Antonio Machado 1875 – 1939

“My soul is not asleep. It is awake, wide awake. It neither sleeps nor dreams, but watches, its eyes wide open, far off things, and listens at the shores of the great silence.” – Antonio Machado

“Travelers, there is no path. Paths are made by walking.” – Antonio Machado

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While visiting Collioure, a strikingly beautiful beach village, several years ago with a friend, we ventured into the cemetery. On that first visit, I became quite curious as there were a large crowd of people surrounding one of the graves. The group stayed for quite some time and it seemed that it was a pilgrimage. After they moved on, I was able to take a look and unfortunately nothing more having my camera out of commission at the time. When my friend returned to France this time and suggested a visit to Collioure, I checked out my camera and prepared for capturing these photos. 

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While this group of four is a much smaller gathering than what I witnessed the last time I was here, there seems to be a steady stream of those coming to honor the great poet. It would have been lovely to have a closer shot but I did not want to intrude.

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As you can see, to the right of the headstone is a mailbox for those who want to leave a message. Those tiny white stones which appear to be scattered are actually placed as remembrances from those who come to pay their respects. Most have messages on them. Some simply have a date or initials. If you look back at the first photo in this post you can see some of those stones more clearly.

THE WIND, ONE BRILLIANT DAY

 “The wind, one brilliant day, called                                                                                                to my soul with the odor of jasmine.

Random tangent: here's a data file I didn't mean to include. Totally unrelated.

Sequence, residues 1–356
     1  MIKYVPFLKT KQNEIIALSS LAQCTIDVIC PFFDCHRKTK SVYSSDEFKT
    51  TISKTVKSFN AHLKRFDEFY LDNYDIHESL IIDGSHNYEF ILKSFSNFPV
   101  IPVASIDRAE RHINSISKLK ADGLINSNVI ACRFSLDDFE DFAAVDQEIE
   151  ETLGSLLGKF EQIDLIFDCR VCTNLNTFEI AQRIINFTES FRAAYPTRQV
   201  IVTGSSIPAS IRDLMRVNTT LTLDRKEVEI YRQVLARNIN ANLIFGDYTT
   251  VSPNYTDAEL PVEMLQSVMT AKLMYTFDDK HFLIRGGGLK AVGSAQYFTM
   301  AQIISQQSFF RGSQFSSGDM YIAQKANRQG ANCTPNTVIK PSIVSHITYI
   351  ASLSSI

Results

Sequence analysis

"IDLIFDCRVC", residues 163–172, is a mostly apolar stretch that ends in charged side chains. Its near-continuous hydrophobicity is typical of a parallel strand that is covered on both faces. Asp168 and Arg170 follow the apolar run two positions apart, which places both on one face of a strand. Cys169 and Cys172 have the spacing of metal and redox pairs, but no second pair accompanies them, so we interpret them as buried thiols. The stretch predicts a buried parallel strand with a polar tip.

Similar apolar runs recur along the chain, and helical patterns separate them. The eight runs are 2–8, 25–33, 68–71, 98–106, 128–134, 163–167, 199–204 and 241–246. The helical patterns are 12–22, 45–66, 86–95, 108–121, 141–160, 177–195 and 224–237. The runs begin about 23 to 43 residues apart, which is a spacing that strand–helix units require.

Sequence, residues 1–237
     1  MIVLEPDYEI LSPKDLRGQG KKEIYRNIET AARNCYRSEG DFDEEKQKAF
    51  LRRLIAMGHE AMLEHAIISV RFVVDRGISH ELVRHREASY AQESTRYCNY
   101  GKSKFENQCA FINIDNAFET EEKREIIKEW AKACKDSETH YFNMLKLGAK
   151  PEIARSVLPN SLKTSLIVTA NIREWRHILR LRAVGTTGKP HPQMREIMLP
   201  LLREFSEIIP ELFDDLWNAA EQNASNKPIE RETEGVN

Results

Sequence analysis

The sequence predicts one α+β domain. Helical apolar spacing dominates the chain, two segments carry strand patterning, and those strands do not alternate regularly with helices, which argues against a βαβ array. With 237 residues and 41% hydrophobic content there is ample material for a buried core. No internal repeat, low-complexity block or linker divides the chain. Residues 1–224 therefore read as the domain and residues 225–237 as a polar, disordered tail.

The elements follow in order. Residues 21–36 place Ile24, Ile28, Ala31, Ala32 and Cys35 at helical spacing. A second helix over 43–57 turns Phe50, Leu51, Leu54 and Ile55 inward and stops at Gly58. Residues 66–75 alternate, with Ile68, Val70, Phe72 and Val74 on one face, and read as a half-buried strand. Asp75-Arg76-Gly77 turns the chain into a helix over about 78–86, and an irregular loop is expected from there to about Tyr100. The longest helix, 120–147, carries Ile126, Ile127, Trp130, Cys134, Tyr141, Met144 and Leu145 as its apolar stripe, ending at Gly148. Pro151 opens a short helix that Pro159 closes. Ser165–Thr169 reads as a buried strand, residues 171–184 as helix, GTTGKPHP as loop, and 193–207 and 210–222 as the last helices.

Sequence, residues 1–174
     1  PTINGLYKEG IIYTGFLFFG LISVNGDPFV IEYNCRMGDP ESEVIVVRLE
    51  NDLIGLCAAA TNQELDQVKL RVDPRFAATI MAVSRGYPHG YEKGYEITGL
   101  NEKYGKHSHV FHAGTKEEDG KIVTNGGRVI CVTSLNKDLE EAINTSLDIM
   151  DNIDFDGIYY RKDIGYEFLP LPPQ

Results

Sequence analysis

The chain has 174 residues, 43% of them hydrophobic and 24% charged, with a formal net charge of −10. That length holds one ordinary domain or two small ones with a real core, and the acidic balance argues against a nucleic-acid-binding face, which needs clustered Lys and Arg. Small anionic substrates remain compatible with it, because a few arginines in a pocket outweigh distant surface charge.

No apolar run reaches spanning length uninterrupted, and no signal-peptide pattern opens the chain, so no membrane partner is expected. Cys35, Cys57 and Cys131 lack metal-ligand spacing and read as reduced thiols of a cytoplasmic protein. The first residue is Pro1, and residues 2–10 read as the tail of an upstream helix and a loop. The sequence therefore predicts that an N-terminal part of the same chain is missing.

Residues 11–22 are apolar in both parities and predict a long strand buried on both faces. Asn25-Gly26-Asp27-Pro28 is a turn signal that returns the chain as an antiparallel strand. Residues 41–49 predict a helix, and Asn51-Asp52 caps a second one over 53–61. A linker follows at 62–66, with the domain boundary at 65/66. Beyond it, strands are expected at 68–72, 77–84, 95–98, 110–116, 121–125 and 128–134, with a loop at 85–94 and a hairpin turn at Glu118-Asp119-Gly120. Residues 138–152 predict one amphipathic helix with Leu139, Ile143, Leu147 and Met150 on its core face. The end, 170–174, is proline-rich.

‘In return for the odor of my jasmine                                                                                                 I’d like the odor of all your roses.’

‘I have no roses; all the flowers                                                                                                           in my garden are dead.’

‘Well then, I’ll take the withered petals and the yellow leaves                                                  and the waters of the fountain.’

the wind left. And I wept. And I said to myself:                                                                          ‘What have you done with the garden that was entrusted to you?’

– Antonio Machado

Born in Seville, the young Antonio moved with his family to Madrid in 1883 where he and his brother, Manuel, joined the Free Educational Institution. This was where Antonio discovered his passion for literature. At the age of seventeen, he lost his father and took on a series of jobs including acting. At the dawning of the new century, he joined his brother in Paris. Manuel already had gained employment as a translator. In Paris, Antonio encountered Jean Moréas and Paul Fort and other contemporary figures in the literary world including Oscar Wilde. Such connections supported his decision that he too would be a poet.Antonio’s first poems were published in a literary journal, Electra, in 1901 and followed two years later by his first collection in 1903, Soledades. A second edition was published in 1907.